Sing 2 is much more the same

Opera song


Universal

lighting To sing (2016) was a jukebox musical that felt both stripped down and overloaded. It was stripped down in the sense that it stripped a show’s musical formula down to its basics. It was also overloaded in the sense that there were so many characters singing so many songs that there was hardly a moment to get to know or care about one of the brave performers. Sing 2 is not doing much better.

This sequel looks more like the same with little improvement. There’s a bigger goal for showrunner Buster Moon (Matthew McConaughey) as he tries to sell a bigger show to a bigger venue now that his theater is safe and sound. There is enough music in the soundtrack to make you think you’ve left your radio or Spotify on a pop station if you’re watching the movie in the background. There are even more characters added to the mix, inflating the cast to such a set that we probably can’t explore any of their personalities.

It’s such a shame considering that there are some interesting stories that end up being reduced to watered down mini-arcs. Buster’s desire to elevate himself in the entertainment world is an insecurity I wish I had explored beyond him in trying to defeat avid and violent media mogul Jimmy Crystal (Bobby Cannavale). At the same time, Buster’s show calls for the talents of retired rock lion Clay Calloway (Bono), who is overcome with grief over the loss of his wife. That would be enough of a story, but wait! There is more!

Brave slut Rosita (Reese Witherspoon) must overcome her fear of heights if she hopes to get the lead role in Buster’s sci-fi rock opera. Bullied gorilla Johnny (Taron Egerton) isn’t sure he can learn an elaborate fight choreography in a timely manner with a strict instructor. Shy elephant Meena (Tori Kelly) feels uncomfortable singing for a love scene and needs to find a special guy to be her muse. Buster also has to deal with Jimmy’s spoiled daughter, Porsha (Halsey), who wants the lead role despite being a terrible actress (but, of course, a strong singer). There’s hardly any bow for pig dancer Gunter (Nick Kroll), porcupine guitarist Ash (Scarlett Johansson), or elderly iguana assistant Miss Crawly (Garth Jennings).

The only part of the movie that made me laugh was a scene of Crawly driving fast while charmingly singing System of a Down. It’s a rare moment of fun juxtaposition and going against expectations – all of the other songs feel up to the course. What a surprise to Taron Egerton working his pipes as he proved it in the first film and his amazing performance in the Elton John biopic Rocket man? Or to Bono singing a U2 song? All of these numbers, lavish as they are, are so predictable in their pop.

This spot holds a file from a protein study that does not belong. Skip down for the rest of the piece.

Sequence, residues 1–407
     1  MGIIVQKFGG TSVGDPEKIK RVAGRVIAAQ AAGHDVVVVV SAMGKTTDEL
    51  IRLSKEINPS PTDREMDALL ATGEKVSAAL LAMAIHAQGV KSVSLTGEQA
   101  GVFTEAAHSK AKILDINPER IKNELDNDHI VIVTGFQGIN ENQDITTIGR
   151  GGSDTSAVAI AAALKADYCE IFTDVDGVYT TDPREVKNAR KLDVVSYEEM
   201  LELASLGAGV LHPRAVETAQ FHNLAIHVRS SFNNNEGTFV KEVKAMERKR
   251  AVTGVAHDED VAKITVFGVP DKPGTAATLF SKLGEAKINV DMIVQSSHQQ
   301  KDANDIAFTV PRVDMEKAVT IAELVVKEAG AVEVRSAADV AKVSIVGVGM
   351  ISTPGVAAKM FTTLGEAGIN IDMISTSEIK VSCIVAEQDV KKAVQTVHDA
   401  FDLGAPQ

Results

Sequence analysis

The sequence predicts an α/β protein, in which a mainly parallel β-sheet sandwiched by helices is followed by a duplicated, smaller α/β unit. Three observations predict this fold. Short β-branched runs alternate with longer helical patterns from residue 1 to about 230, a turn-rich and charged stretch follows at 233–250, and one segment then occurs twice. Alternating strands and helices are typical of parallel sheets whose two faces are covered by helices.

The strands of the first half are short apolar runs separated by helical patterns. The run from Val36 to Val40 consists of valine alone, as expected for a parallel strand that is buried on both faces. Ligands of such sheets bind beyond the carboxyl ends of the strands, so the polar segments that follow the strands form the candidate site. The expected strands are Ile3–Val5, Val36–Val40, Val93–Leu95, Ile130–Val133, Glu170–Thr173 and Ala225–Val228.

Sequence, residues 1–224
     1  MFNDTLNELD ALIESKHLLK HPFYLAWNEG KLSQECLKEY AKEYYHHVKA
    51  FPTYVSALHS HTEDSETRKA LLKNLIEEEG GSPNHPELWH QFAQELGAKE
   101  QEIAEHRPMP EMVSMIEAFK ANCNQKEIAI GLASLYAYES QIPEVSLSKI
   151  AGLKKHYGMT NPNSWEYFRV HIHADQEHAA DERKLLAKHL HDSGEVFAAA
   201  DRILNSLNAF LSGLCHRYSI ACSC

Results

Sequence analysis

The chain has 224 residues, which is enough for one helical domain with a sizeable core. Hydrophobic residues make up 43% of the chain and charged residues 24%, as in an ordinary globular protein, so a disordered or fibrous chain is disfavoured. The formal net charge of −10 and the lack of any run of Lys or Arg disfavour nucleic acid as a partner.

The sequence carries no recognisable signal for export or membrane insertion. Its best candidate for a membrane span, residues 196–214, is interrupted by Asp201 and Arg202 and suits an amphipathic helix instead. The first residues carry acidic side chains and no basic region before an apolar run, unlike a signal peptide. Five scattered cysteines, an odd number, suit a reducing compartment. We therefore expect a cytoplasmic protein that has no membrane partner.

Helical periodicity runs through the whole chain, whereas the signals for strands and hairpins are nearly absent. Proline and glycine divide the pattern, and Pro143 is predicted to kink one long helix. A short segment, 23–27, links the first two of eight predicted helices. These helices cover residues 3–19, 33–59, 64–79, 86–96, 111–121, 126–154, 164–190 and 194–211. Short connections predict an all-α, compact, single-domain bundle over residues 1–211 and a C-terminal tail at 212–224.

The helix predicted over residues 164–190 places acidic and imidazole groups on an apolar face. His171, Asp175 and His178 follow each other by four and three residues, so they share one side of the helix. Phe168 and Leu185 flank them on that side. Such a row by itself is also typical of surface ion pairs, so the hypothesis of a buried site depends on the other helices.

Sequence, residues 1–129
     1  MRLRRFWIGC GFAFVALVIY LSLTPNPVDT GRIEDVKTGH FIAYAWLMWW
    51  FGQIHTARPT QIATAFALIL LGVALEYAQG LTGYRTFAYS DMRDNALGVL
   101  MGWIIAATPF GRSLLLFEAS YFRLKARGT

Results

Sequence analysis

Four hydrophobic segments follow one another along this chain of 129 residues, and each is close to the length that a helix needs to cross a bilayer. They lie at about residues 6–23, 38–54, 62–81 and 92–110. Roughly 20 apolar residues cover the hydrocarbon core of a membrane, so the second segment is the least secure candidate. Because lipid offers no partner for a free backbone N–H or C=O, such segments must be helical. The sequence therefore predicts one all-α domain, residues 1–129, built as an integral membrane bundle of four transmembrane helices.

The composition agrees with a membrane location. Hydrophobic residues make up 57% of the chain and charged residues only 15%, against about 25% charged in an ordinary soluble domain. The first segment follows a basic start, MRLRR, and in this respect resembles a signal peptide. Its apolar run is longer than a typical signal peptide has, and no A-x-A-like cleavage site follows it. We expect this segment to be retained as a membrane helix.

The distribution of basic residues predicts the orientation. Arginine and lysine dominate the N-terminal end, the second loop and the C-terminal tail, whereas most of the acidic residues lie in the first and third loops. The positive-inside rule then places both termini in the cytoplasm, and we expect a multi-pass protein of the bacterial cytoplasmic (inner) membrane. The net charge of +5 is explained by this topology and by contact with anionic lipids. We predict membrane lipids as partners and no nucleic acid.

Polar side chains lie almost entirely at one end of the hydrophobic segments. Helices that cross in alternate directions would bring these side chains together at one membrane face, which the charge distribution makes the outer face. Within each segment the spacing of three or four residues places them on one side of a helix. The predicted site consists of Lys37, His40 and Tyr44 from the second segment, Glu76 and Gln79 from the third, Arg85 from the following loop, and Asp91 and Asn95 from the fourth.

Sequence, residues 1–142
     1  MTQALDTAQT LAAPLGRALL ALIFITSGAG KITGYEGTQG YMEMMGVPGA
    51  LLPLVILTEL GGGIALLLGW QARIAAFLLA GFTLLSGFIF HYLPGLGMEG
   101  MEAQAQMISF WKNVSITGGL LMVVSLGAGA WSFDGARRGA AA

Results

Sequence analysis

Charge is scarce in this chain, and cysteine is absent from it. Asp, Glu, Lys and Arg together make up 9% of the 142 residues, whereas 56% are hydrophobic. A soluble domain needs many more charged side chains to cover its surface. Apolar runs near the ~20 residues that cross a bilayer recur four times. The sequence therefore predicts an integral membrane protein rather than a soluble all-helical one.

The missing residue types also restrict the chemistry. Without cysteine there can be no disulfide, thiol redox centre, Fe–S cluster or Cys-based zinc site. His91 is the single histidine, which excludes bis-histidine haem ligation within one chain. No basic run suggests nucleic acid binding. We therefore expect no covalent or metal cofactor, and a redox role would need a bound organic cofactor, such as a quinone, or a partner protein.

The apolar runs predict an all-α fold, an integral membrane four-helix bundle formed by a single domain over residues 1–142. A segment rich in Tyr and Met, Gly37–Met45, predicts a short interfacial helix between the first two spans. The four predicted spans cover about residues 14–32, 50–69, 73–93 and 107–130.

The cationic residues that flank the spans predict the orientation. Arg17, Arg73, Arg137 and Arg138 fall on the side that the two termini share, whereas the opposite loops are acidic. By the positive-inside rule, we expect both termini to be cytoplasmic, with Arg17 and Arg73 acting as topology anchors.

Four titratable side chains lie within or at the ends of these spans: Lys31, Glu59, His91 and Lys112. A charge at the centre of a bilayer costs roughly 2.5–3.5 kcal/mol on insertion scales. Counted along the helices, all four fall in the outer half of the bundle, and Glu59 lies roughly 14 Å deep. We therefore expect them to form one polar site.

The best we can say Sing 2 is that the animation is more grandiose than before. The backdrops for rock opera, which is an amazing idea, are quite impressive. Everything from working the wire of spaceships to eerie costumes to the creative use of lighting via hundreds of tiny creatures is pretty smart. That’s enough to make you want to see more of this musical rather than the less interesting behind-the-scenes conflict. Perhaps this is because it’s a simpler story of finding a lost person and exploring emotionally diverse planets. Squint and you could easily see it as a Green Lantern musical.

The jukebox soundtrack is not only standard, but also tiring. Song after song strikes the viewer, either sung by the characters or simply placed in the background. Rarely do they carry so much weight, placed more for notoriety than for clever staging. One streak had to go through about six different pop songs in the span of a minute, which further adds to the exhaustion. Probably the best use of the soundtrack is Prince’s “Let’s Go Crazy” for the opening number one. Alice in Wonderland musical. But like everything in this picture, it ends before it’s ever great.

Sing 2 does little with its cover and gives the impression that the same tune is played louder and longer. Humor rarely lands with ingenuity, and the musical format does little to impress. While the script sets simple goals for the characters so that there isn’t as much potential wasted, there are just too many of them, and the arcs are further reduced by the predominance of lyrics over dialogue. The film’s inspiring slogan is that there’s nowhere to go but to the top when you’ve already hit rock bottom. Corn Sing 2 going nowhere.